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History - World War I Centenary 1914-1918: Memorials & Museums

August 2014 marks the centenary of the outbreak of World War I. This guide provides links to resources to commemorate this First World War.

National World War I Museum at Liberty Memorial


http://theworldwar.org/

Soon after World War I ended, Kansas City leaders formed the Liberty Memorial Association (LMA) to create a lasting monument to the men and women who had served in the war. In 1919, the LMA and citizens of Kansas City raised more than $2.5 million in just 10 days. The equivalent of roughly $34 million today, this staggering accomplishment reflected the passion of public sentiment for the Great War that had dramatically changed the world.

In 2004, the Museum was designated by Congress as the nation's official World War I Museum, and construction started on a new 80,000-square-foot, state-of-the-art museum and research center underneath the Liberty Memorial.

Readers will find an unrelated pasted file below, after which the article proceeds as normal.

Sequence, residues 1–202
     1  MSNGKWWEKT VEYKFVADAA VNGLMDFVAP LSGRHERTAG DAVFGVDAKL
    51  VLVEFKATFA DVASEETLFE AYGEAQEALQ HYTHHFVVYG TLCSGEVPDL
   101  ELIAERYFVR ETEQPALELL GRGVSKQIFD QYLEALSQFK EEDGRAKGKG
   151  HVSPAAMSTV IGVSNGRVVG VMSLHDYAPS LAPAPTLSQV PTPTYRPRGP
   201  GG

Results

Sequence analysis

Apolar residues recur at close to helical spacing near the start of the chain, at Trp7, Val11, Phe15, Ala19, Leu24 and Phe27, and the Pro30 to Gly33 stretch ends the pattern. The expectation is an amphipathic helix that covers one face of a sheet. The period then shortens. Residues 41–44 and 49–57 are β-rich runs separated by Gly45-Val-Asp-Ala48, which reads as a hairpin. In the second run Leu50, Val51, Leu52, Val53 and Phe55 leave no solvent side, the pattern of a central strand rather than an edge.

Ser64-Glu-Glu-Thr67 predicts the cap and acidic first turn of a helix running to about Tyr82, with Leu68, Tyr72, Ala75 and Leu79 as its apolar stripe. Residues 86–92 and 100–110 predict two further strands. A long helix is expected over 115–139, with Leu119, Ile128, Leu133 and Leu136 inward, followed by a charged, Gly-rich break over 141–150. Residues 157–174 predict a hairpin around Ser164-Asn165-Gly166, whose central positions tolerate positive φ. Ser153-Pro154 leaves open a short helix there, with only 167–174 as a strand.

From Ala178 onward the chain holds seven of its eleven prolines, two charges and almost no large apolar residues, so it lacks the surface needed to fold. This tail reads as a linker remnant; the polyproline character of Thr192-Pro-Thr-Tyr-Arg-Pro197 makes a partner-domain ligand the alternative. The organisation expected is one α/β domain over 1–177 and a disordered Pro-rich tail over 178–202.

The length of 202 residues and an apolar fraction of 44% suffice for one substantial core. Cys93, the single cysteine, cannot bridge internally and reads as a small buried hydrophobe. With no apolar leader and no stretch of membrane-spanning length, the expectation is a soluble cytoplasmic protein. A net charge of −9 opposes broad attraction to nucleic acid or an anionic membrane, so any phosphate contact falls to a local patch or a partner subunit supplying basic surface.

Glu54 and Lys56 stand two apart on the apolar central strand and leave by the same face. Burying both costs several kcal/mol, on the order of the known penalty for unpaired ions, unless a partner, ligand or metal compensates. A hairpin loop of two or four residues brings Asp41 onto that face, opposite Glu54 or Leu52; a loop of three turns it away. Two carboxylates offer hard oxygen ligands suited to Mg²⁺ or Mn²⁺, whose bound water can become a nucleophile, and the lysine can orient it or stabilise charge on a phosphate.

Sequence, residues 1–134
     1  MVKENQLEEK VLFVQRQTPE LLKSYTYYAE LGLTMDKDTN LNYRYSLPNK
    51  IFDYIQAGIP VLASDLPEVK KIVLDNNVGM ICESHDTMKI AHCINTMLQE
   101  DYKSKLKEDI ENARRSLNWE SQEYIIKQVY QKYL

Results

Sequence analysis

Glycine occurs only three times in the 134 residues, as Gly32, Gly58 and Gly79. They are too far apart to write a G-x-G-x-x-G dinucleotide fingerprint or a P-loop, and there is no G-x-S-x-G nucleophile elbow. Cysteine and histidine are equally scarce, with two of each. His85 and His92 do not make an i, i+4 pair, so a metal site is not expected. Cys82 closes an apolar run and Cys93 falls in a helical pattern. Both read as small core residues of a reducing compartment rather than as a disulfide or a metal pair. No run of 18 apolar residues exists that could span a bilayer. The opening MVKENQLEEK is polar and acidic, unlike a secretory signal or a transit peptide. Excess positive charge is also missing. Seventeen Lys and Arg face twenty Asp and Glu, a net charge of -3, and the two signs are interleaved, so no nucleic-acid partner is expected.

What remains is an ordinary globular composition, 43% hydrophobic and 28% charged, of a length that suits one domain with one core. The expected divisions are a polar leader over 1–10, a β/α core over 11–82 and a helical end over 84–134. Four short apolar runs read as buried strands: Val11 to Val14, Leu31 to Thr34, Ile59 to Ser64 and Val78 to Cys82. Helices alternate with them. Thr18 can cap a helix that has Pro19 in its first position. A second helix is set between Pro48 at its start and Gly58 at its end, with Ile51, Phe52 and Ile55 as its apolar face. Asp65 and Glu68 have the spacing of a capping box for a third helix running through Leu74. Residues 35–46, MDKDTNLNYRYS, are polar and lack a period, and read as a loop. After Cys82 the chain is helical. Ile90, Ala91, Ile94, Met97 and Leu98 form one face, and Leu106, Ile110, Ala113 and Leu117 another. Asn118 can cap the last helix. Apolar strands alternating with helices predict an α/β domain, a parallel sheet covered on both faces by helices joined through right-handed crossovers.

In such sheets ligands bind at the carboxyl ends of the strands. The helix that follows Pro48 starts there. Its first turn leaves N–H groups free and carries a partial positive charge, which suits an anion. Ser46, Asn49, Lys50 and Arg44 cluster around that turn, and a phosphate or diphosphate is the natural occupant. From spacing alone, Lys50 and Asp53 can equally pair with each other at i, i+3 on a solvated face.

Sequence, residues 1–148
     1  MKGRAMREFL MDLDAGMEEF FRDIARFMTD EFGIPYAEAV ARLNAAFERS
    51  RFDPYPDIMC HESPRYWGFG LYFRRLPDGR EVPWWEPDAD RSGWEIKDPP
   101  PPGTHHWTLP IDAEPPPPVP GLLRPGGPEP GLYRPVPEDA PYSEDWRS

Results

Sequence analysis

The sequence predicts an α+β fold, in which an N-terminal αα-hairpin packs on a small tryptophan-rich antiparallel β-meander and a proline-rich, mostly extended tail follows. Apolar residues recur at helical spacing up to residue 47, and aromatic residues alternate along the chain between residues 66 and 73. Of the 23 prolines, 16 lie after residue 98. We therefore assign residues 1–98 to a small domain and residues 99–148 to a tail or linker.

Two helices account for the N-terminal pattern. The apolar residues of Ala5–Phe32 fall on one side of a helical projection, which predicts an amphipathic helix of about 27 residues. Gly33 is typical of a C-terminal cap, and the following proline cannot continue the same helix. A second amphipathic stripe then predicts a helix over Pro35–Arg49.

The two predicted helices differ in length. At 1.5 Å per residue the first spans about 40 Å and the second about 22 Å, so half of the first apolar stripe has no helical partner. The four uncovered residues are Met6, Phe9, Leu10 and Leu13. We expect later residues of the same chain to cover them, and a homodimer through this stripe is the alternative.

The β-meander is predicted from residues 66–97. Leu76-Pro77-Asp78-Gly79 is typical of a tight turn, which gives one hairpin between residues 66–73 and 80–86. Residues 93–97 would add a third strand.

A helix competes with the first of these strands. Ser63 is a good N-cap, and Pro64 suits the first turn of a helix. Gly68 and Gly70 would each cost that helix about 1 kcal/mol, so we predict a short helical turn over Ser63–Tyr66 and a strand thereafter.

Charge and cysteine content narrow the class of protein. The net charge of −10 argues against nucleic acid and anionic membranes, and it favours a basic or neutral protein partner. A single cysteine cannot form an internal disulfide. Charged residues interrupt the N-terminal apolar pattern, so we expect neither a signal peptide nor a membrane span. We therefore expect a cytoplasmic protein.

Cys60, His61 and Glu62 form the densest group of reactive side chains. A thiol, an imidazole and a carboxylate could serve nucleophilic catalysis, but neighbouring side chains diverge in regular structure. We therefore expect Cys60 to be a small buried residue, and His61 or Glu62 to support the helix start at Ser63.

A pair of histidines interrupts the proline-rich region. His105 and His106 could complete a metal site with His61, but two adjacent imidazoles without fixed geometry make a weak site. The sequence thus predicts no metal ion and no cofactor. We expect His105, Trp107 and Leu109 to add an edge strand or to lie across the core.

Australian War Memorial


http://www.awm.gov.au/atwar/ww1/

The Australian War Memorial combines a shrine, a world-class museum, and an extensive archive. The Memorial's purpose is to commemorate the sacrifice of those Australians who have died in war. Its mission is to assist Australians to remember, interpret and understand the Australian experience of war and its enduring impact on Australian society.

Additonal information on Austrialian involvement in the war can be found at: https://www.awm.gov.au/1914-1918/

World War I Medal of Honor Recipients


http://www.history.army.mil/moh/worldwari.html

The President, in the name of Congress, has awarded more than 3,400 Medals of Honor to our nation's bravest Soldiers, Sailors, Airmen, Marines, and Coast Guardsmen since the decoration's creation in 1861.

 

History of Veterans Day


http://www1.va.gov/opa/vetsday/vetdayhistory.asp

World War I – known at the time as “The Great War” - officially ended when the Treaty of Versailles was signed on June 28, 1919, in the Palace of Versailles outside the town of Versailles, France. However, fighting ceased seven months earlier when an armistice, or temporary cessation of hostilities, between the Allied nations and Germany went into effect on the eleventh hour of the eleventh day of the eleventh month. For that reason, November 11, 1918, is generally regarded as the end of “the war to end all wars.”